In order to uncouple the age dependence of GC content and gene length from that of codon usage, we tested whether genes with very similar GC content (or length) still show a significant linkage between gene age and codon usage. We thus binned the genes into sets of similar GC content (or length) and further divided each such set into the 9 age groups defined above. For each GC content (or length), the variance among the age groups was re-tested. We found statistically significant variation between the age groups for many of the codons (Figure 4). Thus, the coupling between age and GC content (or age and protein length) does not entirely explain our main observation indicating age-dependent codon usage (Figure 2, middle column).

Figure 4

Age-dependent codon usage for fixed GC content and length. For each of human, mouse, and fly (left to right), its genes were binned by either their GC contents (top) or lengths (bottom). For each such bin, the number of codons (out of the 59 analyzed) with statistically significant age-dependent variance is shown. A particular codon was labeled as being age-dependent if its variance between ages was different than random (false discovery rate (FDR) corrected for multiple hypotheses < 0.05). Red 'X' mark bins for which the sub-division into age groups resulted in some groups having fewer than 5 genes; the results for such bins should be disregarded, since they are statistically inadequate.

To additionally confirm our conclusion that GC content does not dominate the age-dependent codon usages observed, we performed the following novel information-theoretic test. Intuitively, if changes in GC content were the only factor in causing aberrations from the overall codon usage of the organism, we would expect the codon usage of a particular age group to be dictated by its GC content, while deviating as little as possible from the overall codon usage of the genome. Thus, for each group, we determined the codon usage expected to comply with its GC content. In detail, we calculated the usage that minimizes the Kullback-Leibler divergence (DKL) with the genomic codon usage, while constraining the GC content (see Methods). We found the observed codon usages for each of the age groups to be significantly different than those expected based on GC alone (χ2 test, p < 10-10); this result was consistent for human, mouse, and fly (see below).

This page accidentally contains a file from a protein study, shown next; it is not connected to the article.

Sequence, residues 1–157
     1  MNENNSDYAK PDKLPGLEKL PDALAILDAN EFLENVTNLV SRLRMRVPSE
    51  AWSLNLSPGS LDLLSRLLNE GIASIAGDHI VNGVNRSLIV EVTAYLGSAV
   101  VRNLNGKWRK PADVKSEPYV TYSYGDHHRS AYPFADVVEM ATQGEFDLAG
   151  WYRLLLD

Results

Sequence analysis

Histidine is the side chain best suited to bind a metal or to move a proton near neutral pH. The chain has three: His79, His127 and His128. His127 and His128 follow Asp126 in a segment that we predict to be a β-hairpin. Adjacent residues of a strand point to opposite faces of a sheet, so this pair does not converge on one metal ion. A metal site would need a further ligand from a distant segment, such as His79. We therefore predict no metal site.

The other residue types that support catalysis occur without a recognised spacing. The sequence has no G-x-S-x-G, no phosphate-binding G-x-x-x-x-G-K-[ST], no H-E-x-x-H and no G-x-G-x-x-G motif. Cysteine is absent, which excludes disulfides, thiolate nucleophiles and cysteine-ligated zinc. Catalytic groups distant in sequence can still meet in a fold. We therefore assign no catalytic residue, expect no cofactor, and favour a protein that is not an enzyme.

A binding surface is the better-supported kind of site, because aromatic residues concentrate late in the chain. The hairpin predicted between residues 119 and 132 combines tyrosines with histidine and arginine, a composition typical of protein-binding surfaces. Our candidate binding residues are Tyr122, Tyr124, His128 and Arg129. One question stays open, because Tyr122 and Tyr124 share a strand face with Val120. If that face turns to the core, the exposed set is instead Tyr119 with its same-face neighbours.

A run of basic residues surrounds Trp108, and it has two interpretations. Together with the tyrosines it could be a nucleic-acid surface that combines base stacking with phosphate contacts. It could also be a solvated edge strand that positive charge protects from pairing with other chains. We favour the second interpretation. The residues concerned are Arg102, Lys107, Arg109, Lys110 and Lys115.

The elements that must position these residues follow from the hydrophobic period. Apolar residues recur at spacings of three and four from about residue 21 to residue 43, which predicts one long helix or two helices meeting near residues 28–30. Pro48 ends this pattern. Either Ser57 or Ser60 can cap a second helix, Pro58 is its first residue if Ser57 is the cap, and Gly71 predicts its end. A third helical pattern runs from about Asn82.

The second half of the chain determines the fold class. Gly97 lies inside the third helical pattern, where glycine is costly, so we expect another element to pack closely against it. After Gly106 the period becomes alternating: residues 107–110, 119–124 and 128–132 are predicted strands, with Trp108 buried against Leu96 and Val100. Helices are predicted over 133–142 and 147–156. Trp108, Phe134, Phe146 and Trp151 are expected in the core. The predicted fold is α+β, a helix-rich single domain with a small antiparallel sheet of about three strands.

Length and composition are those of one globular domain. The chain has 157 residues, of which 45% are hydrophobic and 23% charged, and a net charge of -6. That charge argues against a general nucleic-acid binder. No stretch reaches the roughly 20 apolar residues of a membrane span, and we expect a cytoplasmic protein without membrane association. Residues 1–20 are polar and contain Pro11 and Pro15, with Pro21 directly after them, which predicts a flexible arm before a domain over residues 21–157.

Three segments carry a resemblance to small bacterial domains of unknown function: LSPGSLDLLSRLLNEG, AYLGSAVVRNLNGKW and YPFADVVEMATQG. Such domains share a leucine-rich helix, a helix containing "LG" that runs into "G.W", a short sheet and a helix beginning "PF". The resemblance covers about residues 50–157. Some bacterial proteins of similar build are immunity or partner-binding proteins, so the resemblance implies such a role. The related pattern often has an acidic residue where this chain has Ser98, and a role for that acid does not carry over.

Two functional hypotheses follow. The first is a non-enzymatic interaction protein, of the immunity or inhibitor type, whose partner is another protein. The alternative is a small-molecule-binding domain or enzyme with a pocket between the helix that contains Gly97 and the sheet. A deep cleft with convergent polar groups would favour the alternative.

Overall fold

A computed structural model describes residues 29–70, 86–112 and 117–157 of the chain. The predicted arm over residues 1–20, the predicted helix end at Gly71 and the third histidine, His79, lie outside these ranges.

Codon usage preference by evolutionary age is a universal phenomenon

We tested whether the association between evolutionary age and codon usage preferences observed in Homo sapiens carries over to other metazoa. To this end, we applied a similar analysis for the Mus musculus and the Drosophila melangoaster genomes (Table 2). For the latter genome, we overcome the uneven full-genome sampling of the evolutionary tree from human to fly by taking advantage of the recent sequencing and annotations efforts for 12 species from the Drosophila genus [32].

For the mouse and fly species, a linkage between gene age and codon usage biases (Figure 2, left column and Additional files 2 & 3) was confirmed by applying the same tests applied for the human genome. The variance in codon usage was significantly higher than random (p < 0.05) for 54 codons in mouse (excluding: CGT (R), CTC (L), CCT (P), GCC (A), GTC (V)), and for 57 codons in fly (the exceptions being CGT (R) and GTC (V)). Therefore, the linkage between codon usage and gene age is not specific to the human genome and is likely to apply to other metazoans as well.